NEW YORK, April 5 (Reuters Legal) - Employees of failed law firm Howrey LLP have filed a suit against their former firm, saying it failed to give them 60 days notice that they were being laid off.
The firm, which had announced an orderly wind-up in March after a steady stream of partner defections, sent an abrupt memo to employees on March 30 terminating them effective the following day.
The suit, filed on Monday, seeks class-action status for hundreds of workers who said they are owed 60 days of wages, pension contributions, health coverage and holiday pay.
The lawsuit relies on a novel interpretation of the Worker Adjustment and Retraining Notification Act, which was passed in 1988 to protect industrial workers, said labor law expert Marcia McCormick of Saint Louis University. "It was originally passed to deal with mass layoffs in factories and plant closings," McCormick said. "Detroit, Toledo, places like that."
Jack Raisner of Outten & Golden, the New York firm bringing the suit, said that the law, known as the WARN Act, should apply equally to professional settings. The firm has brought successful WARN suits against employers like Taylor, Bean & Whitaker, the mortgage company that collapsed in 2009, but this is the first such claim they have filed against a law firm.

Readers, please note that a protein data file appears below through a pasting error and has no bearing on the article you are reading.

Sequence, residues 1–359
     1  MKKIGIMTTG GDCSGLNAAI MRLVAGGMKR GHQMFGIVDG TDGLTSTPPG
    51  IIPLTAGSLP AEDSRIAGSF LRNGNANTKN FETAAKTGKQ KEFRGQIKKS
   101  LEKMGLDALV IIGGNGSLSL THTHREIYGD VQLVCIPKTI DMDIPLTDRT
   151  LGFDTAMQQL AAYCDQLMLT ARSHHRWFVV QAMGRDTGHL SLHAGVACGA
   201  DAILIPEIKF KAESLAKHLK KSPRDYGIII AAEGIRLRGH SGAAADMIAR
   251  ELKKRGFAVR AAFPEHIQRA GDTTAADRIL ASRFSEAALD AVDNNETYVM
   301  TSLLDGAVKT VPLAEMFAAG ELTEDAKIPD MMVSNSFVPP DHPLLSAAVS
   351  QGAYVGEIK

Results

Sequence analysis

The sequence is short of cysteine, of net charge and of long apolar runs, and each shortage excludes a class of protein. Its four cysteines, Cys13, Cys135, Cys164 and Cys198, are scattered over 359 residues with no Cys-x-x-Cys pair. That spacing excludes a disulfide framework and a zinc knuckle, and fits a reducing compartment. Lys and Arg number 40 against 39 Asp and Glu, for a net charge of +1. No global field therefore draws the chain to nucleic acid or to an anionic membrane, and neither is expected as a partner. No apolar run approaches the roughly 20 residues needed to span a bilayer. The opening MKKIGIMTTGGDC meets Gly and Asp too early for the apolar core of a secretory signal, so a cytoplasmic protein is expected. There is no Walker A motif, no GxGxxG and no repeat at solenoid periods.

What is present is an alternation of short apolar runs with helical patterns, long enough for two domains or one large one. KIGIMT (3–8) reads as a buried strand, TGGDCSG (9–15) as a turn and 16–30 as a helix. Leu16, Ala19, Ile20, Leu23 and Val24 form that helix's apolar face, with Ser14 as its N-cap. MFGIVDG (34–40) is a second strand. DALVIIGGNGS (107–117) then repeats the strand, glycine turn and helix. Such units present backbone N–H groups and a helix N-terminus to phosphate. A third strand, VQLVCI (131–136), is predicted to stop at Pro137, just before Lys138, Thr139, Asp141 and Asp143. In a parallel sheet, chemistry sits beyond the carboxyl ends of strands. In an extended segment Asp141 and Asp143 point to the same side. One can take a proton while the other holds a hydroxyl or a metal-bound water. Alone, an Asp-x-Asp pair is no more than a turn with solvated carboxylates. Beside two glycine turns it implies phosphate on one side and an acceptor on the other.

Howrey, whose only remaining contact information is an e-mail address, did not immediately respond to a request for comment.
Under the WARN Act, Howrey can avoid liability by showing that its collapse or closure was caused by events that were not reasonably foreseeable. In a split decision in 2005, the 7th U.S. Circuit Court of Appeals ruled that employees of Arthur Andersen could not pursue a WARN claim because the indictment that brought down the accounting giant was not foreseeable.
If the employees are able to make a successful case under the WARN Act, they will still face the challenge of collecting the money they say they are owed. Howrey, like most law firms, is a limited liability partnership, meaning that it may have few or no assets even though the firm once had revenues of more than $500 million a year.
Many of the lawyers at Howrey have since moved to other firms. Raisner, the plaintiffs' lawyer, said that the WARN Act makes it easy to cut through legal divisions that separate businesses and individuals, but that it is premature to predict whether former Howrey lawyers will be sued.
The lawsuit was filed in federal court in the Southern District of New York. The plaintiffs' lawyers said they will serve Howrey this week.
The case is Stephanie Langley et al v. Howrey LLP, U.S. District Court for the Southern District of New York, No. 11-cv-2317.
(Reporting by Jeff Roberts of Reuters Legal)